“Comcast and RETN have signed a five-year agreement that ensures quality educational access programming and related services will be provided to the towns of Burlington, Charlotte, Essex, Essex Junction, Ferrisburgh, Hinesburg, St. George, Shelburne, South Burlington, Vergennes, Waltham, Williston, and Winooski. As a result, both parties requested that the Vermont Public Service Board dismiss Docket #7497, which it has done.”

In a separate statement, RETN officials said they were glad that the dispute, which began in January, had come to an end.

"We are pleased to have secured full funding for the programming and services we provide our communities and cable subscribers,” said RETN spokesperson Doug Dunbebin. “We now look to our statewide association, the Vermont Access Network, and offer our full support as it works to resolve important issues facing public, educational and government access television in Vermont.”

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The Salmon Speech (video edition)

Plenty of folks expressed an interest in my column this week, in particular as it pertains to State Auditor Tom Salmon and his use of a taxpayer-purchased camcorder to record a speech at a political fundraiser in June.

As I detailed in this week's "Fair Game", we at Seven Days decided to request that Salmon's office produce the contents of the camcorder as it is a public record under state law. They did comply, and charged us $105 to produce the three DVDs.

I've embedded the video detailed in the column, a roughly 13-minute speech delivered to a small group of supporters at a June 11 fundraiser. The event was dubbed "Welcome Home, Tom!" and asked folks to donate as little as $25 to be "Friends of Tom" or $500 to be an event sponsor.

A note to viewers/readers: I inadvertently added an extra five minutes of video to the political fundraiser event. The fundraiser speech lasts about 13:10, the rest is a clip from a speech he gave to the Vermont League of Cities and Towns.

It's helpful to put the timing of this even into context. At the time, Salmon, still a Democrat at the time, was making noise that he wanted to run for governor — in 2012.

As of June, Gov. Jim Douglas was still running for reelection in 2010, and though it would have been a tough bid, it's likely he would have won a fifth term in office. That all changed in August when Douglas decided to not run for reelection. A month later, Salmon jumped stream and joined the Republican Party.

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VT National Guard Send-Off in Pictures

Vermont National Guard soldier Matt Doyon (pictured at right, below) packed his Army duffel bag with an Xbox and the video game NHL '10 for his deployment to Afghanistan. Fellow soldier Dan Baillargeon (pictured at left) packed an ultrasound picture of his unborn child, due in seven months.

DSC04639 Both are 23 years old, both are privates first-class in the Guard's 1-172nd Cavalry Squadron. And for both young men, it's their first overseas deployment — a mission they admit to being "a little nervous" about.

Doyon and Baillargeon were among the 350 Vermont National Guard soldiers who shipped off for Afghanistan Friday morning following a send-off ceremony at UVM's Patrick Gymnasium. They first go to Camp Atterbury in Indiana for training, then home for the holidays, then to Afghanistan for a one-year tour of duty.

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Siegel's "Big Fan" Deserves a Big Audience

Big-fan This year's celebrity blog postings offer one resounding conclusion: Sports, alcohol, sex and celebrity-dom do not mesh well. (They make for high ratings, though.)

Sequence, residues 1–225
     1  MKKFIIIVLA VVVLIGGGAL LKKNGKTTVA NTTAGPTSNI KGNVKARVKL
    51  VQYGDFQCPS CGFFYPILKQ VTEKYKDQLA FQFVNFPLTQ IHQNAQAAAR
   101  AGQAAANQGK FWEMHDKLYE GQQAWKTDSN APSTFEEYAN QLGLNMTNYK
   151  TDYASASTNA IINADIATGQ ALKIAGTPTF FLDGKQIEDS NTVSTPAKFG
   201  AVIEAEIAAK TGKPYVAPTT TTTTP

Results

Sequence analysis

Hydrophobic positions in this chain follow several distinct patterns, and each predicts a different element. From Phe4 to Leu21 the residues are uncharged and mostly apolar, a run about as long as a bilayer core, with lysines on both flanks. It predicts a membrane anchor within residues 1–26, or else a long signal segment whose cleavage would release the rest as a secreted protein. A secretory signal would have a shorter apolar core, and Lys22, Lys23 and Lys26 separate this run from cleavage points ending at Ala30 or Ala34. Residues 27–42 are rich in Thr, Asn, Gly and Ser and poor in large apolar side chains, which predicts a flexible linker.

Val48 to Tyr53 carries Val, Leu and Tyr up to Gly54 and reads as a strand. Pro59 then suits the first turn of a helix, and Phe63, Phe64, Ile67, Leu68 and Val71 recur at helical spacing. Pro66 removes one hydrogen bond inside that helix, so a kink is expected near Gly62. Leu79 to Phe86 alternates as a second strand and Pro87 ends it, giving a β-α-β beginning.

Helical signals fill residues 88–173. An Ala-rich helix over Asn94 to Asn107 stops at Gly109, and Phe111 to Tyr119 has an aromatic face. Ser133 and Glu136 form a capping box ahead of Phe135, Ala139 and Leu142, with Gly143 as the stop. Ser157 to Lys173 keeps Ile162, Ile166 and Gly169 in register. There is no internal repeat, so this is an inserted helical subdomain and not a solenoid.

Today it's Tiger Woods' harrowing sex faux pas (whoops!) that yielded a laundry list of personal apologies and a golf-clubbed SUV. Yesterday, QB Michael Vick was released from an 18-month stint in prison for his involvement in gambling, drug use and the "Bad Newz Kennels," an interstate dog-fighting ring.

Tomorrow, it could easily be a tête-à-tête between best friends A-Rod and Jeter over who's taken fewer steroids. One just can't predict the zany future of sports scandal and violence, on and off the field.

But what happens when this rage spell comes between fan and player? Between loyal subject and emperor? Things get more complicated; inner worlds crumble, the score changes, and lifelong loyalties are threatened. 

Robert Siegel's directorial debut Big Fan (2009) is an excellent playing ground for recreating the behind-the-scenes face-offs in the sports stratosphere. When self-declared "NY Giants' biggest fan" Paul Aufiero (played by chubster comedian Patton Oswalt) is beaten up by his favorite Giants player in a drunken strip-club exchange, Aufiero has his own blue-collar version of an existential crisis. Like Kierkegaard, he chooses to remain loyal to his faith and true colors (red and blue), refusing to press charges against the grizzly Quantrell Bishop (Jonathan Hamm). A blind faith only fans of American football can attest to.

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December 10, 2009

Federal Media Shield Law Goes to Full Senate

DSC_2587BIG The Senate Judiciary Committee announced this afternoon it has reached a compromise on legislation to enact a so-called "shield law" that would prevent journalists from being held in contempt of court, fined or jailed for refusing to reveal confidential sources.

Since April, the law has been shepherded through the committee by its chairman, Sen. Patrick Leahy (D-VT).

The media shield legislation was introduced by Sens. Arlen Specter (D-PA) and Chuck Schumer (D-NY) in February. These senators, along with Leahy, have been working with the Obama administration to craft legislation that ensures some sources are not protected — such as in cases involving national security. It also does not protect "terrorists" working as journalists. Damn.

The legislation, officially named "The Free Flow of Information Act," was approved by the committee by a bipartisan vote of 14 to 5.

“The Free Flow of Information Act strikes the right balance among the important objectives of protecting our nation, enforcing our criminal laws and ensuring freedom of expression,” said Leahy. “After years of debate and countless cases of reporters being held in contempt, fined and even jailed for honoring their professional commitment not to publicly reveal their sources, the time has come to enact a balanced federal shield law.”